The Institute of Company Secretaries of India (ICSI) is part of a triumvirate of professional bodies that were set up expressly to generate and regulate an army of professionals which could guide, control and regulate the growth path of corporate India. The current President, Ranjeet Kumar Pandey has an extended career in the field of corporate and commercial law, and also an investment banking exposure. He talks about the aegis, the relevance and the future path of the institute in a chat with Pankaj Joshi.

Edited excerpts:

How do you profile the Institute currently?
The Institute of Company Secretaries of India has been established through an Act of Parliament. It is a statutory body with specific responsibilities. The appointment of a Company Secretary by corporates is also a requirement of statute. Beyond the New Delhi headquarters and four regional offices, we have 70 chapters across the country through which students ask and receive guidance of different kinds.

The registered student strength of the institute is around four lakh. In terms of graduates, our strength is around 57,000. However, the active strength would be slightly less, at around 52,000. The North and West regions make up strong portions of our active membership. In the North, our approximate active member count would be 18,000 and in the West around 17,000.

The South region contributes around 11,000 and the East has 6,000. Now let us look at the membership profile. Activity wise, there are two types of company secretaries— those who are in professional practice and those who are employed. We believe the number of those in practice would be in the range of 12,000 and those in corporate employment would be 40,000.

As of now, our annual pass-out quantum would be around 5,000. In the last eight years there has been a lot of growth, the membership has practically doubled from 2010 levels.

Industry rather than statute to drive future growth
Industry rather than statute to drive future growth

How would you look at the responsibility and relevance of a Company Secretary?
Once again let us visit the premise under which the Institute was created by Parliament. The government needed professionals across different streams of corporate activity. Therefore you had three institutes and three professional disciplines created with each having separate responsibilities.

The specific responsibility of the company secretary was to look at the areas of corporate governance, compliance with the Registrar of Companies (RoC) filing and other needs, and the risk management structure. Hence, the course was defined accordingly.

If you talk of accountability, there are multiple layers in our discipline structure. There is a code of conduct in place, beyond which is a disciplinary mechanism, and above that is a disciplinary council which has representation from the government as well. There are multiple checks and balances on member conduct.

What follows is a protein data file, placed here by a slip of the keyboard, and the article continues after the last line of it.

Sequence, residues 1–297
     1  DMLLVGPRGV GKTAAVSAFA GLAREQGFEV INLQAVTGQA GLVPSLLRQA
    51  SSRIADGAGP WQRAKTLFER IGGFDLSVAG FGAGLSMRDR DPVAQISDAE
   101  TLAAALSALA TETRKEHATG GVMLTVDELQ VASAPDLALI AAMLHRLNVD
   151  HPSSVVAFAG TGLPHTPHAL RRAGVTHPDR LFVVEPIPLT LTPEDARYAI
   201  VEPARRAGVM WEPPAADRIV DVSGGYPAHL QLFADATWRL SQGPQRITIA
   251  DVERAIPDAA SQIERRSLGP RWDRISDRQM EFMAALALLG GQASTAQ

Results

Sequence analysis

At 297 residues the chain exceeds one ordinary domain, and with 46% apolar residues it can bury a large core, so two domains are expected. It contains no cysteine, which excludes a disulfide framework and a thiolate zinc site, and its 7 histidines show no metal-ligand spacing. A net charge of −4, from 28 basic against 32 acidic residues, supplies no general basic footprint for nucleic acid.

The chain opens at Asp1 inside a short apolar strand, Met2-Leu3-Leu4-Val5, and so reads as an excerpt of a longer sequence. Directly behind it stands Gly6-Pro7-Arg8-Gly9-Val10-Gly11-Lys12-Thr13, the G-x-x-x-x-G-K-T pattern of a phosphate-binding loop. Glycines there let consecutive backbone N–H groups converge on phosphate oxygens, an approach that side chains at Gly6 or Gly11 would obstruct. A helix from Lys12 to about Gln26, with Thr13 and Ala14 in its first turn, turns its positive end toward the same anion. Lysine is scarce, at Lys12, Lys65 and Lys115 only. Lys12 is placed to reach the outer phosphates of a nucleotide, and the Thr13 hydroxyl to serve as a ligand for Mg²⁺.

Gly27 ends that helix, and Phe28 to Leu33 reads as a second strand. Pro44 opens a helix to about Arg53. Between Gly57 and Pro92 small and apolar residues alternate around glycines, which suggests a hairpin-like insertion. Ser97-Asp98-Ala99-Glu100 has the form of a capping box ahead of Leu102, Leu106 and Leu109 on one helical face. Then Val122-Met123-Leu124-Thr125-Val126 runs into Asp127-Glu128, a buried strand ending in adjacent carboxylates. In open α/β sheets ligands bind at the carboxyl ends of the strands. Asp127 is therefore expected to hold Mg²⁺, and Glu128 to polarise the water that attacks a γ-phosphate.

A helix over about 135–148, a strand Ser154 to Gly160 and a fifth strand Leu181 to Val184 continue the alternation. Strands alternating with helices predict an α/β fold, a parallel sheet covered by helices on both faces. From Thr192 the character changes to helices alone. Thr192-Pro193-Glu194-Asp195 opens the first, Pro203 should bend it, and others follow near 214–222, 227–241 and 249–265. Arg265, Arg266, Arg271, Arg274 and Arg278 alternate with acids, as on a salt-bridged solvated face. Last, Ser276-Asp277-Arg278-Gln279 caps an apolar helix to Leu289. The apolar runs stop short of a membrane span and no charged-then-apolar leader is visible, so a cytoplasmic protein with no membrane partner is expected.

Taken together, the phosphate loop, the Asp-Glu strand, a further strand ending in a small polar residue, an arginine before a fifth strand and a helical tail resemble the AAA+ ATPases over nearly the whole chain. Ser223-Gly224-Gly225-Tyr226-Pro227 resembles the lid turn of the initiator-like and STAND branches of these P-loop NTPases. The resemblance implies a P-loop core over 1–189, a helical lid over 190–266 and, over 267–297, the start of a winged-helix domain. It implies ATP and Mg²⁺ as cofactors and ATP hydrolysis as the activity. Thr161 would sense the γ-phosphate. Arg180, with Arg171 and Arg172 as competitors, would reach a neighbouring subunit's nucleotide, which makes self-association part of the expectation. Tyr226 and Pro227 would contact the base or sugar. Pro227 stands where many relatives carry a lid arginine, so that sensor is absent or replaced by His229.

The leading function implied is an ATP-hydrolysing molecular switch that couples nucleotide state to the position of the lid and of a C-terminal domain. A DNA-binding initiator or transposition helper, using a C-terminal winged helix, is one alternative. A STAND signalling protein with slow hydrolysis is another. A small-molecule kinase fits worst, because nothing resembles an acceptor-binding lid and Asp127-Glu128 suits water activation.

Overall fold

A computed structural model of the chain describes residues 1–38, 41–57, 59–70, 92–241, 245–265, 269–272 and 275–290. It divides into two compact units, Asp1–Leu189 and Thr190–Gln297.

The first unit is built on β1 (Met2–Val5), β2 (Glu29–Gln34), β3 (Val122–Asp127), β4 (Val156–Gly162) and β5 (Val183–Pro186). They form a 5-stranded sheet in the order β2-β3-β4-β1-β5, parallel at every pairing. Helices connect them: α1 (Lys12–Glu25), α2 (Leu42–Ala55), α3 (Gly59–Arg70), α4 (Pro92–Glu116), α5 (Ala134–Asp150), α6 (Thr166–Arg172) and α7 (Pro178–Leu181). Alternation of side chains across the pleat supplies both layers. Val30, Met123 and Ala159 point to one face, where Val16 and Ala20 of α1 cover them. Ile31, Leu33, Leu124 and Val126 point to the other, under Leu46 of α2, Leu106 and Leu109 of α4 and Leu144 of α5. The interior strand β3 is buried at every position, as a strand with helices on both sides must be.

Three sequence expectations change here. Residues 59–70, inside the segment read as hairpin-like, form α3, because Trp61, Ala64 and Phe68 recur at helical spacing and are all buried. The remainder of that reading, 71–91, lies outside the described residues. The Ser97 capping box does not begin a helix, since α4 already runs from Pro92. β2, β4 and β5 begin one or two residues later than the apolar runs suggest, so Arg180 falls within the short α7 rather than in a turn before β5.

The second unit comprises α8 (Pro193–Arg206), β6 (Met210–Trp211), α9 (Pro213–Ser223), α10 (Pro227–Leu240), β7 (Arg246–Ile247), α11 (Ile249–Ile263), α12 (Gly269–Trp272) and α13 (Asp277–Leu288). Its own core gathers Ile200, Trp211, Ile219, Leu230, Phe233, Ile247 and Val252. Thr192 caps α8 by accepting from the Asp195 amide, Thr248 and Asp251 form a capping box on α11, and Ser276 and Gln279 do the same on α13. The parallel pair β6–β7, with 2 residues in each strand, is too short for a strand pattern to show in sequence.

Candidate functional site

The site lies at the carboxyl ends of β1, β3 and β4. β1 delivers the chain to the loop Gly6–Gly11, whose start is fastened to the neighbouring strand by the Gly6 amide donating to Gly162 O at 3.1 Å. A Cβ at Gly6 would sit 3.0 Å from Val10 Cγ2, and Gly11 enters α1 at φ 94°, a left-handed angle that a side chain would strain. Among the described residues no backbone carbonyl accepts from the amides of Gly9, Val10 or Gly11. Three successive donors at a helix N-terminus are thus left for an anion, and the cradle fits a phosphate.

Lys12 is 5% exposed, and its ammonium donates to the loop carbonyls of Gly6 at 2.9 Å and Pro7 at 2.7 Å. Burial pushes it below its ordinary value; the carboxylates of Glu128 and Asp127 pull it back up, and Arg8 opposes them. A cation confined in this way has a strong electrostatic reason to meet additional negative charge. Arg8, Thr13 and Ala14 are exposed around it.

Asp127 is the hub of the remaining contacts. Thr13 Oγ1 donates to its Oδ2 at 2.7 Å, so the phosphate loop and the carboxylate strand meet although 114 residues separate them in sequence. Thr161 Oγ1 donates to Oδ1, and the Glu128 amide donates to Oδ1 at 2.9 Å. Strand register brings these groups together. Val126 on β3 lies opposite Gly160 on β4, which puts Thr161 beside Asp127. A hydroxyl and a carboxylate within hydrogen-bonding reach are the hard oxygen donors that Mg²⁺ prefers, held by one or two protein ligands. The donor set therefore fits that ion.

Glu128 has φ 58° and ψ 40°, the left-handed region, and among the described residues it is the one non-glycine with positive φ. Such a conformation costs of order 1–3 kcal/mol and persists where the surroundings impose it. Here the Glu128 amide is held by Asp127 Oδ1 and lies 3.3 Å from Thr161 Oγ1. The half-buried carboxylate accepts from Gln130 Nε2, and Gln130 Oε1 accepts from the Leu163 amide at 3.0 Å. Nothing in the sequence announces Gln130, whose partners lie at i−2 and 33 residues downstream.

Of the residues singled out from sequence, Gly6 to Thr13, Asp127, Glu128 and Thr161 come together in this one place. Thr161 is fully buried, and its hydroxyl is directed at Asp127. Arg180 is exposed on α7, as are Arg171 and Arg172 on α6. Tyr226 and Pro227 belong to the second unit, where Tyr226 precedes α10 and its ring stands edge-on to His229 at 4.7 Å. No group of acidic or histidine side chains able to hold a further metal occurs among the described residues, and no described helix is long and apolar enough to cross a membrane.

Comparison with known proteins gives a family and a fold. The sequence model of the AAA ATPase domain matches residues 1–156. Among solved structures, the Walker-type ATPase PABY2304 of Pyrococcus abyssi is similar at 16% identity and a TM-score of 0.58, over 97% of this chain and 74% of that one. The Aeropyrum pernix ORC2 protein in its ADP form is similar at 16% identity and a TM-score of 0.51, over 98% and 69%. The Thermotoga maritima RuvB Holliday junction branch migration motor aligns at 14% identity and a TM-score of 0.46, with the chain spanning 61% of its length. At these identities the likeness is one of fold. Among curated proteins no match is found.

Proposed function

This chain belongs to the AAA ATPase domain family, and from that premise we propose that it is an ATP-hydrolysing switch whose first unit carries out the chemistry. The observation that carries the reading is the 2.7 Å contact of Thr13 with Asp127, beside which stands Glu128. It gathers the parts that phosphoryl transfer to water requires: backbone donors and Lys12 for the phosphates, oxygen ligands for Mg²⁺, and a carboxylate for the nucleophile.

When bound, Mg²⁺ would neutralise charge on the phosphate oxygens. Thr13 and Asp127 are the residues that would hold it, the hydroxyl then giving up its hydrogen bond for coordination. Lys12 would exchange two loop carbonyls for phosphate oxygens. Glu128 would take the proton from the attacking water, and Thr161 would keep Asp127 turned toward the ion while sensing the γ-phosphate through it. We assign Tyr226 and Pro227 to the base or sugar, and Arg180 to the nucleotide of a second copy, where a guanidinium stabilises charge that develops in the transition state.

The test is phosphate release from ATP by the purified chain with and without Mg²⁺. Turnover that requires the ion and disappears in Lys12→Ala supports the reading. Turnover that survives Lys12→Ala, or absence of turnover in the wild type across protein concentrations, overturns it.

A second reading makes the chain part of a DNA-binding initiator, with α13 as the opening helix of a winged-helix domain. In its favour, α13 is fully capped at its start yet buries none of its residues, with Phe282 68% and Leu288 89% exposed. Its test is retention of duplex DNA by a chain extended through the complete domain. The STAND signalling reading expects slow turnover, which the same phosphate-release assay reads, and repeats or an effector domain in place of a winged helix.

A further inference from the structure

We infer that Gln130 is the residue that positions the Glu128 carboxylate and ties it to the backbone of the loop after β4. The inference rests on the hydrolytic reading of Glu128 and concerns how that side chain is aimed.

Thankfully, our professionals have not been involved in any kind of financial scams. In fact you marry collect that in the 2008 Satyam case, it was actually a company secretary that was the whistle blower and at that time our role in general was much appreciated by the authorities.

How do you view the company secretary’s responsibility in the context of multiple Government operations targeting shell company scams?
This is a somewhat complex matter. Firstly, under the law, what constitutes a shell company needs to be defined much more clearly. If you look at the matter in practical terms, a shell company is one where the financial transactions do not have real-world activity backup. Whereas according to legal interpretation, any company with zero activity is also treated as a shell company.

The recent years have seen aggressive action to identify and pursue shell companies. We have seen around 2.5 lakh companies struck off the register. Now, within those, there were something like 16,000 companies which qualified as big and which would have to engage the services of some company secretary. The remainder were small, and therefore exempted from the need to engage a company secretary.

Another aspect of the matter is that the reason for finding and weeding out shell companies was financial in nature. Now the role of a company secretary in monitoring the nature and route of financial transactions is minimal.

How do you see your relevance in future and capacity to attract student applicants?
There is no question there. We now desire to be more relevant in the bigger scheme of things. We are internally identifying roles for that effect. We are also delving into industry wise and segment wise possibilities, like in banking or insurance or equities.

We are trying to explore opportunities that can be available for a company secretary. It is clear that the company secretary has the calibre to go much beyond just compliances in terms of work profile. We are in touch with various industry level bodies.

Now in all this, we are clear that the profile growth, and development of that into demand, has to be market driven. We are honestly saying that it should not be statute driven. The demand has to come from industry and corporates, and there has to be clarity about the competency requirements.

That is what will decide the supply quantity from the side of the institute. There is absolutely no looking to targets or quantum. We are totally looking at the quality of new qualifications, of new members and how they will be relevant to the corporate world and to the nation at large.